And we see how crazy we’ve gotten when they bring it all out. Because there are extras, like the two veggie soups for the dosas, the thepla (a soft round bread of the Jains). Then there are the three curries. Okay, none of them taste like the curry I’m used to. But then Wendy did say there’s no such thing as curry. The petish balls are really interesting to bite into; I mean, the maroon shell, then the green peppers and coconut garlic inside, specially when you dip it into the tamarind sauce or the cilantro dip.
And the dosa flute, a three-foot long rolled crepe made of thin rice and stuffed with spiced onions and spuds. You rip a piece off, dip it in the veggie soup, swipe up some of the dee-lish coconut chutney, and chomp in. It tastes slightly fermented, and oh-so light.
There’s another surprise in a couple of tiny yellow rolls, khandvi. A kind of batter with yogurt, and you can dip it in anything from chutney to coconut to mustard seeds.
But, have to say, the word of the day is “Dahi Sev Puri:” yogurt, crispy noodles, deep-fried crispy bread shell. Oh man. This snack dish, which, turns out, was born in Mumbai, is, for me, a totally new, totally delicious, sweet-savory snack that becomes a meal, because you can’t stop eating it. It’s that combo of sexy little shell, the beans and potatoes hiding inside, making for gastro surprises when they’re flooded with those sweet and spicy sauces your teeth liberate.
You need to eat up on these because the yogurt starts to soften the shell before too long. But hey: no problem. I lunge at them. It’s that sweet/sour umami balance, right down to the sev, the crunchy chickpea flour noodles, plus the turmeric, cayenne, and a bit of an anise thing going on with the ajwain spice. The complex flavors of Indian cooking? Right here. I come out of this deep dive confused, but happily confused.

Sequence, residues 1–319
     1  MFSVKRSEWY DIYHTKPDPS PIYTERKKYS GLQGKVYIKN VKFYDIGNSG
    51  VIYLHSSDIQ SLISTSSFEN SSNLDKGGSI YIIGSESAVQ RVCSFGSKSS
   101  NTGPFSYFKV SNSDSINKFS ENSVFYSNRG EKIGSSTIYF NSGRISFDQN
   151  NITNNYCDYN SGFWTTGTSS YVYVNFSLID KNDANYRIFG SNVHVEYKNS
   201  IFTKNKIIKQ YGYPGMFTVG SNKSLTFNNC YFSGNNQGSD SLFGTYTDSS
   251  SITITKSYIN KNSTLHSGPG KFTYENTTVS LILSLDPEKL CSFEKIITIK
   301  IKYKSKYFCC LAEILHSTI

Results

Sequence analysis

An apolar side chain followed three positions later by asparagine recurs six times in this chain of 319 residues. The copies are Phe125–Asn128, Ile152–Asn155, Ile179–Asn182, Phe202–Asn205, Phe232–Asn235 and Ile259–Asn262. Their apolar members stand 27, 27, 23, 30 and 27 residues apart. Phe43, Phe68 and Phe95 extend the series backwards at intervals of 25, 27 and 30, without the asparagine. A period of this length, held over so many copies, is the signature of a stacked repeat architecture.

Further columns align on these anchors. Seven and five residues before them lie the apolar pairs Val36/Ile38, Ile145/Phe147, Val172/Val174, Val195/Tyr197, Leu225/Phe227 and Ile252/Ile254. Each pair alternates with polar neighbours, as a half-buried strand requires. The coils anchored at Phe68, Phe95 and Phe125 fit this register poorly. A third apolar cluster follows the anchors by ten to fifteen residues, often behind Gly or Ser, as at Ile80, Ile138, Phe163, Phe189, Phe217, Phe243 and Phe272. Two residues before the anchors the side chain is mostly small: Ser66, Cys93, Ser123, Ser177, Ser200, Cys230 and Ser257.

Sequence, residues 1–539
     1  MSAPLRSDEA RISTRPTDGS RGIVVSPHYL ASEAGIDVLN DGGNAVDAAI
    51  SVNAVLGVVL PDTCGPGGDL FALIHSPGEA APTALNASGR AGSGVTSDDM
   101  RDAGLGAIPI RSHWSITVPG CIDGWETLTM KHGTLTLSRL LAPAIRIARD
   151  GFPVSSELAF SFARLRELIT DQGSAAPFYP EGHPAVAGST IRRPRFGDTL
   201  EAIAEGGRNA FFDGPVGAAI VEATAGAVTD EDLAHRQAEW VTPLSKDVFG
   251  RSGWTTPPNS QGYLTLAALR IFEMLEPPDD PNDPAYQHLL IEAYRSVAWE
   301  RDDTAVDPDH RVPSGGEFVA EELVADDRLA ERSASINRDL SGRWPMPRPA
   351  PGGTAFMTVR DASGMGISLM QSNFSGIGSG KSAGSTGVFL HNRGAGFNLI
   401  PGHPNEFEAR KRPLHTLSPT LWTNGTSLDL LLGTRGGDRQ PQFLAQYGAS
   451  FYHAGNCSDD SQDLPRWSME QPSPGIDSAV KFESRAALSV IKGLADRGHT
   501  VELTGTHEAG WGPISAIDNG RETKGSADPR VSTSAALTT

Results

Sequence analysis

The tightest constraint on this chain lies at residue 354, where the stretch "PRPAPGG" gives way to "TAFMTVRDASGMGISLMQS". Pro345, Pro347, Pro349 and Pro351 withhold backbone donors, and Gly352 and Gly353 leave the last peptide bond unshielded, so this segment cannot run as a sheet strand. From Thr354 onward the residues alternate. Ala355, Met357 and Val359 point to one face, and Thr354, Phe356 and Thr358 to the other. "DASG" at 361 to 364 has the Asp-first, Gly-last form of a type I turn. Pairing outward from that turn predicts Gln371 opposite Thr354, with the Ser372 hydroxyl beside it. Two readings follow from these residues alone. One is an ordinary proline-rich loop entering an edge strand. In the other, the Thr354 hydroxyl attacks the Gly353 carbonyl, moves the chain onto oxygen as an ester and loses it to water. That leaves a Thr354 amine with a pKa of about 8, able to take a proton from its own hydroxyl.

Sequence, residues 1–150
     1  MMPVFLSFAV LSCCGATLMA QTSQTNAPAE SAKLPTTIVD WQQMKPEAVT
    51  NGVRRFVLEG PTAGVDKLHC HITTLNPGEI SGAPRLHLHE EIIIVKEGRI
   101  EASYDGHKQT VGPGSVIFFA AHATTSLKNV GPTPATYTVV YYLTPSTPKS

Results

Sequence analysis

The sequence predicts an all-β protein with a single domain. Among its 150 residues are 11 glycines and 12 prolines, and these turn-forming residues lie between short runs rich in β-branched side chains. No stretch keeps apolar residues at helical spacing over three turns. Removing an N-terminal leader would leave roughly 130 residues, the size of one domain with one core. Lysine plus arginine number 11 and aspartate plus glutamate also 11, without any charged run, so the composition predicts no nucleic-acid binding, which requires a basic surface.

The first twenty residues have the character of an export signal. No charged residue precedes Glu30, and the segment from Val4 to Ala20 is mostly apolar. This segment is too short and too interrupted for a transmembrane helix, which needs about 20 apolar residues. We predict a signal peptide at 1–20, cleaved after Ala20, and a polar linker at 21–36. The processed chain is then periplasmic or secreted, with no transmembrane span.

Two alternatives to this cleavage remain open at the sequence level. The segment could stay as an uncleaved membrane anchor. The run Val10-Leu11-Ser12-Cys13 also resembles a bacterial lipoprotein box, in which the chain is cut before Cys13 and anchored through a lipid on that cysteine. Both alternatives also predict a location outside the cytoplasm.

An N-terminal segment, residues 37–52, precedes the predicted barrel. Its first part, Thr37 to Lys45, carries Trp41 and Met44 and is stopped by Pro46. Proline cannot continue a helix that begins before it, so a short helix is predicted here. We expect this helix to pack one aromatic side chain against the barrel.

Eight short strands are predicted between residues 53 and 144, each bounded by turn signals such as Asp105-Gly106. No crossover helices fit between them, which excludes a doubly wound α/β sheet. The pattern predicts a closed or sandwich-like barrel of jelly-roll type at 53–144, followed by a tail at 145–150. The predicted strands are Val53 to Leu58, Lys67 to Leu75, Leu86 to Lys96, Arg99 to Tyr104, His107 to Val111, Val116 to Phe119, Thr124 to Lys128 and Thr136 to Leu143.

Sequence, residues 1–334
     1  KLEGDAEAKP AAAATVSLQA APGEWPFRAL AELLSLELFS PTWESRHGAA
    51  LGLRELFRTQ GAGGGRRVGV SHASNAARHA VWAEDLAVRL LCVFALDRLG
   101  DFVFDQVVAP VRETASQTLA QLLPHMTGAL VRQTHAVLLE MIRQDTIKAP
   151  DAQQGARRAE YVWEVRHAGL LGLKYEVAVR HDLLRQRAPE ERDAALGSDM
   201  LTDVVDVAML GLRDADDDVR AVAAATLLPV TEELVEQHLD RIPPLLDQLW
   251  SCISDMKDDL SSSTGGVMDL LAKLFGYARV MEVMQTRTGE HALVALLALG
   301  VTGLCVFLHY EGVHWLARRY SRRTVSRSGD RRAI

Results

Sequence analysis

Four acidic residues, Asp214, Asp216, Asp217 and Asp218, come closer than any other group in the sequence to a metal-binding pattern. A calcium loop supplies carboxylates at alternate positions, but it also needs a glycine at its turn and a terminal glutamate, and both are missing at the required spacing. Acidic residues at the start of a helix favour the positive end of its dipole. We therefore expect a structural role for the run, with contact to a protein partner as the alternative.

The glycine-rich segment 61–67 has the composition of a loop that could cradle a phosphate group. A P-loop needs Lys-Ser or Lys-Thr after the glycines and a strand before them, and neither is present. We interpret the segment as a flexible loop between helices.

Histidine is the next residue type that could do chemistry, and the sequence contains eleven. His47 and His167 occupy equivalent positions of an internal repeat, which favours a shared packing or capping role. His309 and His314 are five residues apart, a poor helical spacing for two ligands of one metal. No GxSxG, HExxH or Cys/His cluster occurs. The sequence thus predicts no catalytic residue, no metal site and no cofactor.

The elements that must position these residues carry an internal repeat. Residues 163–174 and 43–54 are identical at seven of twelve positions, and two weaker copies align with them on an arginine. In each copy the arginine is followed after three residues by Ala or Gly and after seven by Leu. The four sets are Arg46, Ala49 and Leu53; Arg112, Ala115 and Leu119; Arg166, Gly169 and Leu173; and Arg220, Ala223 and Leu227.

We finish the meal with this sticky, wicked sweet, jalebi. It’s basically a knotty string of deep-fried batter soaked in sugar syrup. Is there an excess of bread and fried stuff in this Gujarati food? Probably. Do I miss the “curry” taste I was expecting? Well, a little. But one thing: I don’t miss meat for a second.
And I’ll be dreaming dahi sev puri for weeks.
- The Place: Surati Farsan Mart, 9494 Black Mountain Road, Suite D, 858-549-7280
- Hours: 11am – 9pm, daily (till 8:30pm, Tuesday-Thursday; closed Monday)
- Prices: Thali (combo sampler meal), $12.49; mini thali, $7.99; samosas (2) $2.99; petish (fried stuffed potato balls), $5.50 for five; dahi sev puri, shells stuffed with beans and potatoes plus sweet and spicy sauces, $5.50 for six; khandvi (steamed yellow rolls), $4.75; pav bhaji (mixed veggies), $5.99; kachori (fried spicy rolls), $4.99; pav vada (fried spicy potato patties), $5.75; pani puri (puffy stuffed shells) $4.99; masala dosa (crepe, spiced onions, potatoes, soup), $5.99; garlic chili dosa, $6.50; chocolate dosa (with strawberries, bananas), $5.99
- Bus: 31
- Nearest Bus Stop: Black Mountain Road and Miramar Road